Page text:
Iran’s Rouhani & Direct Democracy: Wants Referendum to Sidestep Hardliners

By Juan Cole | (Informed Comment) —

Iran’s system of government is a hybrid. One wing of it consists of a dictatorial theocracy, centered on Supreme Leader Ali Khamenei. The other wing is elected and comprises the parliament and the presidency.

President Hassan Rouhani, a reformer, is worried about being stymied in his economic and diplomatic initiatives by regime hard liners. He has been attacked for his negotiations with the UN Security Council members plus Germany over Iran’s civilian nuclear enrichment program. Rouhani has also pursued controversial economic policies, such as reducing subsidies and pushing for more privatization and competition. He has had some successes, such as reducing inflation from 40% to 17%

The hard liners include a portion of the Iranian Revolutionary Guards, the paramilitary Basij, and far-right clerics. They also include Khamenei himself on occasion. They derailed the”2nd of Khordad” movement of President Mohammad Khatami, which began in the late 1990s when he as unexpectedly elected president. Khatami tried to expand press freedom, but Khamenei just had the more liberal newspapers closed. Khamenei also excluded liberals from running for parliament from 2004 forward, producing a rightwing national legislature instead of the more liberal one elected in 2000.

Rouhani said Sunday that he had noticed a provision in the Iranian constitution for the use of popular referendums to settle difficult issues in national politics. He said that the provision had not been implemented, but that as the leader of the executive branch it was his duty to uphold hte constitution. BBC Monitoring renders him thus: “The constitution tells us that the articles of the law and programmes regarding important economic, social, political and cultural issues should be put to a referendum instead of passing a law in parliament…”

Although Khamenei could still over-rule any referendum item that passed, he might be reluctant to be seen dismissing the concerns of millions of referendum voters. The Iranian public is much more liberal than the theocratic, appointed branch of government, but has been curbed by the latter.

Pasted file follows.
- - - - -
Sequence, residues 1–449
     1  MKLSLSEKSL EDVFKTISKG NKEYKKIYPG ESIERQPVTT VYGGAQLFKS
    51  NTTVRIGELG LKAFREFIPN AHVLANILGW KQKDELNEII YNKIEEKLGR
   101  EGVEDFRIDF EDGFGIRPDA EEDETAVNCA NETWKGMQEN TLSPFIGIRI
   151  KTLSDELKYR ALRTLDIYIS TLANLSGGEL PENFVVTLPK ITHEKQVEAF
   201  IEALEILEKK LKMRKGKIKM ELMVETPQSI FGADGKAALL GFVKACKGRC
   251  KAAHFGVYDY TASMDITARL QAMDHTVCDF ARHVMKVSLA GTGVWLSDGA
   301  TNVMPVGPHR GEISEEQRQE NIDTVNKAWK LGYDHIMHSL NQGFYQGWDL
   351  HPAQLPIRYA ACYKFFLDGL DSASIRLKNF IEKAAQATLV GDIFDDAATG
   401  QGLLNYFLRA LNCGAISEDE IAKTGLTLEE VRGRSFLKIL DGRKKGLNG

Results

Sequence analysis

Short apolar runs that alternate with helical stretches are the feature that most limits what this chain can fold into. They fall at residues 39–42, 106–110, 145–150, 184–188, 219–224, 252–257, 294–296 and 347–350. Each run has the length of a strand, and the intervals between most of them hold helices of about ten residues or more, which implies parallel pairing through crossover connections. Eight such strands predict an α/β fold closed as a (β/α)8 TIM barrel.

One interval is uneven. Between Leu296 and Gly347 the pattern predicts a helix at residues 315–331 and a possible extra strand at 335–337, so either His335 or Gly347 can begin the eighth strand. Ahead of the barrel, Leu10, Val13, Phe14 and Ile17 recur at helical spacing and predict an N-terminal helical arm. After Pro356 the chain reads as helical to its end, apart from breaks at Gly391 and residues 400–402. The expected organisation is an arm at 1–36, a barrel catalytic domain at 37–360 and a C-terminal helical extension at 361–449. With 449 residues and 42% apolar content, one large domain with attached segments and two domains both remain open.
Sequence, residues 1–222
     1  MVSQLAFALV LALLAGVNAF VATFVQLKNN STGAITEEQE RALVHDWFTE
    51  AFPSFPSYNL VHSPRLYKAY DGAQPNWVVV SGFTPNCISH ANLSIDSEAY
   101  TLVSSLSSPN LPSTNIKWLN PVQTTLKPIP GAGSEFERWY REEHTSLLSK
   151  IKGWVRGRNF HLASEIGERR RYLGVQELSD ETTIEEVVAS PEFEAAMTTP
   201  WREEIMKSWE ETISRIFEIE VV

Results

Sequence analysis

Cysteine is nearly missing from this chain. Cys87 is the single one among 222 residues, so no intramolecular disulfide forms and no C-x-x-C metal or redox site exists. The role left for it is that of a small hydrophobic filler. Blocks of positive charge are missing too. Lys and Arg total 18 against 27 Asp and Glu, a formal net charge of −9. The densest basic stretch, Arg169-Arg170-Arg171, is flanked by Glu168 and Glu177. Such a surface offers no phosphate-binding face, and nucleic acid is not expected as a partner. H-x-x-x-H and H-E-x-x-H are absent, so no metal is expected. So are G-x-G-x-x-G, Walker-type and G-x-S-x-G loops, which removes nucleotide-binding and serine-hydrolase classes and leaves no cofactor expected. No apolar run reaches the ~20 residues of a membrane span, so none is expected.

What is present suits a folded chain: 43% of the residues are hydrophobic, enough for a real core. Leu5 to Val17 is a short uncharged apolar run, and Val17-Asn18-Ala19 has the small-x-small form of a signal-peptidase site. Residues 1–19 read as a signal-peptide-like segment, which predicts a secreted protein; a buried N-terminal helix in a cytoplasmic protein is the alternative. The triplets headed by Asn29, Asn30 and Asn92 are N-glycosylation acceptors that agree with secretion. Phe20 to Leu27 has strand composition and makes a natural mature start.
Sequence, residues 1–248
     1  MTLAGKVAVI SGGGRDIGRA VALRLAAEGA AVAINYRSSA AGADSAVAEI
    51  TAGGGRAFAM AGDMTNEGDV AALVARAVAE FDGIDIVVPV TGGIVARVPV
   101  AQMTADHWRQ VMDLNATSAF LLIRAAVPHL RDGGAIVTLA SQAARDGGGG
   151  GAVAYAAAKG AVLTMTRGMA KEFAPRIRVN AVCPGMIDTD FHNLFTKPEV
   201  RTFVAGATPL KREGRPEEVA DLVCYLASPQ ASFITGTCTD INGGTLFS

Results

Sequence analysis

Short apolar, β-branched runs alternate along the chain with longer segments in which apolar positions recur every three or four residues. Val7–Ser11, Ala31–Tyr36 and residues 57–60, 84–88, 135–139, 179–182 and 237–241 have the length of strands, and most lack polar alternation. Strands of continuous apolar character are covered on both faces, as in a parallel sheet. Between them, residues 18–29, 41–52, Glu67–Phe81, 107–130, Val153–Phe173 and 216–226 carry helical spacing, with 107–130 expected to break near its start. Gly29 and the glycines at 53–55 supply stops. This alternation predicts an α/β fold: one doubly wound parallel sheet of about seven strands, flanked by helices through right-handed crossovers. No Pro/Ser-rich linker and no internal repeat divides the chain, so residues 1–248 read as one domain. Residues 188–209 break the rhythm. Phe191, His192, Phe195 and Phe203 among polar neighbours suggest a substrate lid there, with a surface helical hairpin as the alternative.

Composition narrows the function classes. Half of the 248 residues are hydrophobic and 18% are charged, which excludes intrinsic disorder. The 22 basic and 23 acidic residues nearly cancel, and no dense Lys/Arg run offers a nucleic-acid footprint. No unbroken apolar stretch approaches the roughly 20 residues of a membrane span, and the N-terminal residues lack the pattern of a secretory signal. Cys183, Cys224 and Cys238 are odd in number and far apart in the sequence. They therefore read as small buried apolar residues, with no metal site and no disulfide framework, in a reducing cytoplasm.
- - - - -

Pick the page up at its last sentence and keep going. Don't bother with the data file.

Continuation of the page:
Rouhani’s gambit is very clever. Likely there are people in his circle who have been influenced by the California referendum system.

Rouhani is popular, and his policies are for the most part welcomed by the general public, however much the hard liners despise him for his shift to the left.

If he does conclude a deal with Barack Obama this summer, allowing Iranian nuclear enrichment but forestalling any weaponization of the program, Rouhani could confront a risk of the deal being undone by hard line opposition. A popular referendum would give him the proof of popular backing he would need to over-rule the hawks.

All this raises the question of whether President Obama can get around his hard line congress. Maybe the USA also needs national referendums. Neither in the US nor in Iran are the legislatures any longer representative. On some issues, direct democracy could remove logjams.

If Rouhani goes forward, and succeeds in fostering direct democracy on some issues in Iran, he could be introducing a new element into the country’s governance that will forever change Iranian politics.